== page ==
Medicine is considered one of the most difficult subjects today. Students typically take up a major in biology, biochemistry, health sciences, and human physiology before enrolling in medical school.

Biomedical engineering is quite comparable in difficulty to biology, biochemistry, and health sciences. However, medical school is far more challenging than biomedical engineering at the graduate level and beyond.

Medical schools are extremely competitive since they only offer the brightest students a highly coveted seat in their institutions. Medical school is extremely taxing and demanding.

The material learned by students pursuing medicine is enormous. You will need to spend several hours understanding and memorizing all the content.

Is Biomedical Engineering Worth It?

Biomedical engineering is moderately worth it. Biomedical engineering is a good degree because the use of technology in medicine and healthcare is rapidly increasing. However biomedical engineering is not as specialized as other forms of engineering such as electrical or chemical engineering.

Advancements in technology are having an impact in practically every industry. Biomedical engineering has emerged due to the growth of technology in the health care sector. This is just the beginning. Biomedical engineering is expected to have an increasing role in healthcare in the future.

Biomedical engineers rely on innovation and research to bring about positive changes in health facilities. This makes their work largely future-proof and prone to the risks of automation and artificial intelligence.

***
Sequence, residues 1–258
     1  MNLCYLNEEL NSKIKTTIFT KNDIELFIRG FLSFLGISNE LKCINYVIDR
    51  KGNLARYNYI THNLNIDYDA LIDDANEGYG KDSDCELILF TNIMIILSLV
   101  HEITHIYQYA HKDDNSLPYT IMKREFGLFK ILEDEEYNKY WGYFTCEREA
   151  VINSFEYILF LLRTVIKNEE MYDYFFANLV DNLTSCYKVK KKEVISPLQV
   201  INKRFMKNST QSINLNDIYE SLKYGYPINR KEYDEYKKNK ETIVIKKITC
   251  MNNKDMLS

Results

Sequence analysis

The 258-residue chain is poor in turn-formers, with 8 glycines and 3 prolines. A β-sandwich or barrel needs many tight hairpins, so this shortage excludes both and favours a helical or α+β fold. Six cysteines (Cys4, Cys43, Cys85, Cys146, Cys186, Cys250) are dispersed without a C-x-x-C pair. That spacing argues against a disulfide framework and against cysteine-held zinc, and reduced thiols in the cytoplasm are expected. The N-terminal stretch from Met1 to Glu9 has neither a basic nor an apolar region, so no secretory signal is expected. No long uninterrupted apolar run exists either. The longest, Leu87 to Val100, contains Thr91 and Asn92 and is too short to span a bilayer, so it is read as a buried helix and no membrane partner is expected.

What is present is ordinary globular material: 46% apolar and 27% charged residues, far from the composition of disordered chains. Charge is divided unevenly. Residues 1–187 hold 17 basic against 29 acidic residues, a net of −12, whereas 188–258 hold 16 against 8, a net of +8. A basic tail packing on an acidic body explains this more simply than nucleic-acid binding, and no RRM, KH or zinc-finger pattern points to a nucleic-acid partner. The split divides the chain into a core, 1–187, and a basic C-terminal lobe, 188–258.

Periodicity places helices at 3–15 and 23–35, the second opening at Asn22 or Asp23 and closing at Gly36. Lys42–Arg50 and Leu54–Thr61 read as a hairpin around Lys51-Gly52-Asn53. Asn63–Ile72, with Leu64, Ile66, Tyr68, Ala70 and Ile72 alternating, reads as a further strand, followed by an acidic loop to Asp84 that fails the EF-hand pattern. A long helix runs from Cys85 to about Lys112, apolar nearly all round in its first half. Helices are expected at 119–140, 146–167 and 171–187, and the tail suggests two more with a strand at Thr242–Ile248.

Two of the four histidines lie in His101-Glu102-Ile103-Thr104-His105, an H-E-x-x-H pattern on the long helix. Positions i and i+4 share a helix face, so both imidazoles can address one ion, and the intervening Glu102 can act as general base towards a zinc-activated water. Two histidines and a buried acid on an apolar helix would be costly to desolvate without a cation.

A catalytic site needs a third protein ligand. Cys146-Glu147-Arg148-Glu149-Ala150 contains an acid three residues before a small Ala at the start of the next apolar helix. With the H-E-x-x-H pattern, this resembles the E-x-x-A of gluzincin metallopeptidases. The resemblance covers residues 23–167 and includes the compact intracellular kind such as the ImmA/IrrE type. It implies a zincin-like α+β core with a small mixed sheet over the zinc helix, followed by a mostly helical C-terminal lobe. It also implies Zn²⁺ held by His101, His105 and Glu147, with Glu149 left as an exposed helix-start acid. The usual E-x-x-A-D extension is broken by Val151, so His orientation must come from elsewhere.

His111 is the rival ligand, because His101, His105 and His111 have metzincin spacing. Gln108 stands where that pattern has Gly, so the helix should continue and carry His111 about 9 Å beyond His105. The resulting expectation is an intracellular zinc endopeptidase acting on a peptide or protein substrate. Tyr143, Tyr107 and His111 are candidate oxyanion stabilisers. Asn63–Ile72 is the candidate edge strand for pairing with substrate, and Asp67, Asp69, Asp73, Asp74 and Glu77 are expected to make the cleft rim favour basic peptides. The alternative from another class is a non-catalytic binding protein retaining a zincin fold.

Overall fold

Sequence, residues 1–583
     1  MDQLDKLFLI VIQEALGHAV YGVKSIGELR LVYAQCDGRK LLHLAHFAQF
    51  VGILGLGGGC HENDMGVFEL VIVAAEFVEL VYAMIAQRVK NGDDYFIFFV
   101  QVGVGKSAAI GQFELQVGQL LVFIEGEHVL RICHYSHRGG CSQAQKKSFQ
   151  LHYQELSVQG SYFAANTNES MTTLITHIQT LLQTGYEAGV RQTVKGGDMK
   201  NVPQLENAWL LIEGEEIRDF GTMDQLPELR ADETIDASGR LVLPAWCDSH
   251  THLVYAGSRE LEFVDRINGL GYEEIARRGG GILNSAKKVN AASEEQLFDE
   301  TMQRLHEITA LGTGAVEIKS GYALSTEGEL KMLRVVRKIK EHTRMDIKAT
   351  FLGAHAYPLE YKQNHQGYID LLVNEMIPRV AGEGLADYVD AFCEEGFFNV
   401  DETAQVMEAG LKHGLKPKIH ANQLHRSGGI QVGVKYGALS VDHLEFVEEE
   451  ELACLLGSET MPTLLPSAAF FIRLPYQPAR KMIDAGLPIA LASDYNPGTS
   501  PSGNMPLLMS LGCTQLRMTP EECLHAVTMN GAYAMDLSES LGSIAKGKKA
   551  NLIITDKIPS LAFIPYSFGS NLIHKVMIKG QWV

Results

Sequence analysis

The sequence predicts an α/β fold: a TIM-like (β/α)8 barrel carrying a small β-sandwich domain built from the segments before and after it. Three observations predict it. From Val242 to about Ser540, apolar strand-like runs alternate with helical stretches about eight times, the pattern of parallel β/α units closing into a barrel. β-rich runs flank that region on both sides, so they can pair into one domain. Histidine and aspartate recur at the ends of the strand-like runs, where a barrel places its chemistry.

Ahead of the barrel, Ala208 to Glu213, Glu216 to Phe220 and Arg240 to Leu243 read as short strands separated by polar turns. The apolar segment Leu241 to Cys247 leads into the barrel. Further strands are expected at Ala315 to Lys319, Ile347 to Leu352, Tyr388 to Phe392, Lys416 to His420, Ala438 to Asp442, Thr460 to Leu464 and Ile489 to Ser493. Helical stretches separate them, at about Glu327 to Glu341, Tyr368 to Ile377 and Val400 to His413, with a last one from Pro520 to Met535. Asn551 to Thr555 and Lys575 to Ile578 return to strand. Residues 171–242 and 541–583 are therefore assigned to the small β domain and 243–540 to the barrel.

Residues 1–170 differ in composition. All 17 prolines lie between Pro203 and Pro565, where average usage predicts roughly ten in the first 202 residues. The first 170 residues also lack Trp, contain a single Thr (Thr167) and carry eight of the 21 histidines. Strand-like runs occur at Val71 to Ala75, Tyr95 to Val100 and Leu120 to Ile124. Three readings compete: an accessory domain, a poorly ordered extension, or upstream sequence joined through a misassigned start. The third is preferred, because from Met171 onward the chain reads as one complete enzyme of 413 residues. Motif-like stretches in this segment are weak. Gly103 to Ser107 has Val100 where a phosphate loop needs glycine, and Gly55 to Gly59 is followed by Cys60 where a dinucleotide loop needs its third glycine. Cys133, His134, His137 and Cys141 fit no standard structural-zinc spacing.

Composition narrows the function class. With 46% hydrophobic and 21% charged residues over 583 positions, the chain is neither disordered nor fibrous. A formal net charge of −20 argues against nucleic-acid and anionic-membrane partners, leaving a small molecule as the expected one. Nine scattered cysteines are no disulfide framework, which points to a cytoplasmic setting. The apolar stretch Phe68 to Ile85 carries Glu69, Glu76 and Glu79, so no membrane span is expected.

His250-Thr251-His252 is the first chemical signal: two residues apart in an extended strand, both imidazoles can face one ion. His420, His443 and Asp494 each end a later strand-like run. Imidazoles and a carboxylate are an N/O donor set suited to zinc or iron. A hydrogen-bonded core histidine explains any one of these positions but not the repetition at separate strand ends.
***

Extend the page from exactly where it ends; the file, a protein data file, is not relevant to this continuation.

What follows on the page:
Biomedical engineering is an extremely broad subject. The sheer volume of content makes biomedical engineers a jack of all trades. This proves to be a hindrance when they apply for jobs.

Employers might consider hiring an electrical engineer to fix the electrical circuitry of a machine and a software engineer to write code for a computer program. Employers may prefer hiring an expert in their field.

To stay competitive in the industry you will have to be on your toes. You may have to pick up new skills from time to time to meet the demands of your job. You must also develop good time management and interpersonal skills since you will be expected to work on complex projects alongside other experts.


Biomedical engineering is a hard major but you can tame the difficulty through consistent practice and hard work. Biomedical engineering is not particularly stressful but you will face the usual job pressure of short deadlines, challenging tasks, and upgrading your skillset.

Overall biomedical engineering is a great subject and you should pursue it if you are passionate about applying engineering principles to improve medical facilities.